I’ll never forget the many times my dad said to me that his wish for me was to be a great critical thinker not just a great regurgitator. I was so busy with sports, extracurriculars, volunteering and course work, that to be honest, I really didn’t care about becoming a great critical thinker because good regurgitators got good grades.

When I went to college, I found the first semester hard. My fantastic memory was not enough anymore, I needed to become a good critical thinker. Unfortunately for me that meant that I needed to apply myself. I thought back on what my friends did who needed to work hard and starting applying that method to my studies. My boyfriend at the time, was incredibly brilliant and he never needed to study or work very hard and I found myself feeling less than special because I now needed to work.

Thankfully, I put my pride on the shelf and my goals in front of me and realized that I needed to apply hard work to whatever natural ability I had to make a go of education.

The result? Success. To be honest, this was the first time when I realized how good it felt to work hard for something and be rewarded. Before, I felt like I had cheated, that I somehow hadn’t earned it because I didn’t need to struggle.

Looking back, I was cheating, cheating myself of the opportunity to push myself farther and learn more thanks to my natural ability. If I could go so far with my natural talents, then how much further could I have gone with some elbow grease?

I will always carry a little regret with me that I didn’t push myself farther in those early years, but I intend to make up for it now.

Back to Dr. Dweck and her mindset hypothesis. She makes the case for a fixed mindset and a growth mindset. Fixed mindsets are the ones where people feel they are special or talented and afraid to fail or be seen as less than special. Growth mindset people are people who want to learn and become better in whatever they are passionate about.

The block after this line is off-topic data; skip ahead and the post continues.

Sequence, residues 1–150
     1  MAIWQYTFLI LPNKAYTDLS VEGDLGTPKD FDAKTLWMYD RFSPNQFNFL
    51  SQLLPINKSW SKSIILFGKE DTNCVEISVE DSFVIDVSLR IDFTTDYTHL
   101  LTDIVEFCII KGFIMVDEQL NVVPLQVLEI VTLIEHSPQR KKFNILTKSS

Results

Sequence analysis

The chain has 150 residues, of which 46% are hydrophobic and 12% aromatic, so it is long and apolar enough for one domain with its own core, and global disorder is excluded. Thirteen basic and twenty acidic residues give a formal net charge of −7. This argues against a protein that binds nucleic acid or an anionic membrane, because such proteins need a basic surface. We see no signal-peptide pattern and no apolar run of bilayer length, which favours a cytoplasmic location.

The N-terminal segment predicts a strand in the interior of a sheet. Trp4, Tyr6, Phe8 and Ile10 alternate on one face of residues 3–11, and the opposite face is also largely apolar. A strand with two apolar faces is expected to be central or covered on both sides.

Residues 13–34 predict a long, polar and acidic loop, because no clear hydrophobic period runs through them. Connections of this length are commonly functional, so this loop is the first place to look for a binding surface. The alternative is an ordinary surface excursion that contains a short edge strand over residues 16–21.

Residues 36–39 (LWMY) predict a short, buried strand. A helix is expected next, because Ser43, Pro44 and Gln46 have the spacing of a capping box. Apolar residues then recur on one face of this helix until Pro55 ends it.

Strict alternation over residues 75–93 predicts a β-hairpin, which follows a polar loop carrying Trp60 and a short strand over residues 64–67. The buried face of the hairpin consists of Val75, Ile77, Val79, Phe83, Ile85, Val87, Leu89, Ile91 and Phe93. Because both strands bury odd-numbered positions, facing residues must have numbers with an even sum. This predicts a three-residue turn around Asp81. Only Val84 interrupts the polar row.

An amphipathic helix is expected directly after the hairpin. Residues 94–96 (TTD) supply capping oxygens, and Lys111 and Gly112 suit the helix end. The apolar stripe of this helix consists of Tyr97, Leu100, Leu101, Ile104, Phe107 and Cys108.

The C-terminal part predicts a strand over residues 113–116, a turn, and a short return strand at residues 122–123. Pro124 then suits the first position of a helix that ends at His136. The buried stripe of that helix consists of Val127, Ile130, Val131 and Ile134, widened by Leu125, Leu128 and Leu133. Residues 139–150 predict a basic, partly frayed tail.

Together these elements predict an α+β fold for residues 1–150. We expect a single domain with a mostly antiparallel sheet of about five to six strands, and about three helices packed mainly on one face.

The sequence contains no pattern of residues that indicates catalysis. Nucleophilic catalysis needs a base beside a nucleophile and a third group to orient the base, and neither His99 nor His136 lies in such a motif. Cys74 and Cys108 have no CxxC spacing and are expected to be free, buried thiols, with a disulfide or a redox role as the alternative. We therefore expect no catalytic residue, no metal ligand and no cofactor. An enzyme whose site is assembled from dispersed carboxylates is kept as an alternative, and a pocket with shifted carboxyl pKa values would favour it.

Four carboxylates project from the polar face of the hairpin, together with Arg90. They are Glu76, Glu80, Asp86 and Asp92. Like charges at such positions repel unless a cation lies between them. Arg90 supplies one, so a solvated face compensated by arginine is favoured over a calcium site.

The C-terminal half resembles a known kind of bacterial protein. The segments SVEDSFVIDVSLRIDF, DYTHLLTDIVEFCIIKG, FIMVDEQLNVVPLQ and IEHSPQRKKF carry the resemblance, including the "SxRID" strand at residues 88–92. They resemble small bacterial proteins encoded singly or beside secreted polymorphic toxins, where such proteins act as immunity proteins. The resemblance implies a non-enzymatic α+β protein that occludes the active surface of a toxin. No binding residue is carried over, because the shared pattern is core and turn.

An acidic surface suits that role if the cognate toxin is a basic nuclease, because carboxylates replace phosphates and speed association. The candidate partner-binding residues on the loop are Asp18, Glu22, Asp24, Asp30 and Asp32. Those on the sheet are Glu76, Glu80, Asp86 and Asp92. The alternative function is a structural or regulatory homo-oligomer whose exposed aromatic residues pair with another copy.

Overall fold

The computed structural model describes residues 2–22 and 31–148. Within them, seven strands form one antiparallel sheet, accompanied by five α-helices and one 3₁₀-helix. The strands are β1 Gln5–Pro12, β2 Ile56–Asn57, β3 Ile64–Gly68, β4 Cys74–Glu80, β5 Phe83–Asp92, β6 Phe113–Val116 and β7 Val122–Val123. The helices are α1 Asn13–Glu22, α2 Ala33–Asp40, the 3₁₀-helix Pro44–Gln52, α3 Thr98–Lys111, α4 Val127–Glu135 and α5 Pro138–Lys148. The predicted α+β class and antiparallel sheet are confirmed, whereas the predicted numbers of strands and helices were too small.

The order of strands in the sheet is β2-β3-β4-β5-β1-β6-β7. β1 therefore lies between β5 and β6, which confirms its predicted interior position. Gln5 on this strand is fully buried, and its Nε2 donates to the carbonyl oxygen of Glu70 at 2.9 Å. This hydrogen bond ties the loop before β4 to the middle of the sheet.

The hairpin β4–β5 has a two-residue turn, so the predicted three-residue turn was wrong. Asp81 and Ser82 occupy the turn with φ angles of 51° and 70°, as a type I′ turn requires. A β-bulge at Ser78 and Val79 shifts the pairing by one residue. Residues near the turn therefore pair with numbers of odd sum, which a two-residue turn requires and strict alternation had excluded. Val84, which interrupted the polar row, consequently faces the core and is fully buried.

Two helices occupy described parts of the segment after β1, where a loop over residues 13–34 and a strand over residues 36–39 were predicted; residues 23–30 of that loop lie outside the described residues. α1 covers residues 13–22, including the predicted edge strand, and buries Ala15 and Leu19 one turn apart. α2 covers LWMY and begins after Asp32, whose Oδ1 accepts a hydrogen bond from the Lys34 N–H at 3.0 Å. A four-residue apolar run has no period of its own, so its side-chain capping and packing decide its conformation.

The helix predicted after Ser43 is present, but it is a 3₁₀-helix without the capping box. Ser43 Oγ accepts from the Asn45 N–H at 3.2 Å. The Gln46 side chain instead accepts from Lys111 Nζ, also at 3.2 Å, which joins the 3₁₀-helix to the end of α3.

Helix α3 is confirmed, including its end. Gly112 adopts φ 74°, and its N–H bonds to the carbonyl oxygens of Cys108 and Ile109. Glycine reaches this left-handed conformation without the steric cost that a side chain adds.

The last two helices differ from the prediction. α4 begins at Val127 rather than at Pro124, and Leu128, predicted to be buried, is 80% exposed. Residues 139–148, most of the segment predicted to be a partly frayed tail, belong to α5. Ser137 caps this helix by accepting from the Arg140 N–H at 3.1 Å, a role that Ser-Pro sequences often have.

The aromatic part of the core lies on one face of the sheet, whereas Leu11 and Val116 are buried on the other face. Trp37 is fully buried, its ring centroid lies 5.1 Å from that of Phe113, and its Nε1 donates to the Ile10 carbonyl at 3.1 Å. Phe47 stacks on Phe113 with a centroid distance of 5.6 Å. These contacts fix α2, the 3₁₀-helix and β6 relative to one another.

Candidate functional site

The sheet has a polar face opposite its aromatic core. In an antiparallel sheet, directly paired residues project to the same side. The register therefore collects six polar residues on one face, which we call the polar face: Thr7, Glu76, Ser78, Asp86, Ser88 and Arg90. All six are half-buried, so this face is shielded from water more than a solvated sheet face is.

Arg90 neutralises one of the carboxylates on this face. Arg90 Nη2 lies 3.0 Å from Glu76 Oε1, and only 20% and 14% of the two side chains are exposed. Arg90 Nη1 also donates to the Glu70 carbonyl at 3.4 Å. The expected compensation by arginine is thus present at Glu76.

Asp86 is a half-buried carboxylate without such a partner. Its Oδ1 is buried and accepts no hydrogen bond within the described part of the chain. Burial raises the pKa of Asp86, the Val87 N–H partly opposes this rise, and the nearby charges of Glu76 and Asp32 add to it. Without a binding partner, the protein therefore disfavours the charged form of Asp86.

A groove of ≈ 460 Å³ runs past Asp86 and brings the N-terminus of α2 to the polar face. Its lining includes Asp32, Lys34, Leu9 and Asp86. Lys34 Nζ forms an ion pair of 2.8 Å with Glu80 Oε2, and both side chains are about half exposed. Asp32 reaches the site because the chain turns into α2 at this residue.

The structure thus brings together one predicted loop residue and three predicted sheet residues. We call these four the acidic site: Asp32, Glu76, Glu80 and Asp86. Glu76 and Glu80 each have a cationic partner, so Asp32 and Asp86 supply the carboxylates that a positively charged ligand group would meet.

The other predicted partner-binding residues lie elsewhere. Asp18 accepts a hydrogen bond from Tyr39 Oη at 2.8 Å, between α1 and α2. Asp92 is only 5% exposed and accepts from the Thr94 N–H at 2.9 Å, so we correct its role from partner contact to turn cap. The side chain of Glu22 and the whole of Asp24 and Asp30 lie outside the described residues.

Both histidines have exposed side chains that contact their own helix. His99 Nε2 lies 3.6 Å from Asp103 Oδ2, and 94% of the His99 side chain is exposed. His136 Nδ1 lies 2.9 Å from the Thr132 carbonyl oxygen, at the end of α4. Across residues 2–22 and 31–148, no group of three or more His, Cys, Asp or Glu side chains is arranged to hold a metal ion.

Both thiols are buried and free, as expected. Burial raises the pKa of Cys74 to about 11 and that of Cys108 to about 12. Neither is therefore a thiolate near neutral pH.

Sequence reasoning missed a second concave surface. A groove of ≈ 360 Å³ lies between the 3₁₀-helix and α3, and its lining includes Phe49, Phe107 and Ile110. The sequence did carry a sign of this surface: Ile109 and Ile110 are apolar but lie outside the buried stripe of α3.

Inadvertently, I had gone from a fixed mindset to a growth mindset in college in order to succeed and then throughout my career in healthcare I have stayed mostly in a growth mindset.

It’s only been recently in the online space, that I have found myself reverting back to the fixed mindset, “what will people think”, “what if I’m not good enough, or as good at it, as I am as a chiropractor?”, “what if I fail?”.

Using the knowledge that I am reading in this book, which in of itself speaks to a growth mindset, I feel like I have good understanding of how these two mindsets interplay.

It’s okay to fail, it’s okay to be mediocre at first. I may not be the best blog writer or the best course instructor when I first start but through hard work I can become very good, maybe even great.

Become the best version of you through hard work


For those interested you can pick up a copy of Dr. Dweck’s book below through Amazon, and I do earn a small commission if you buy through this link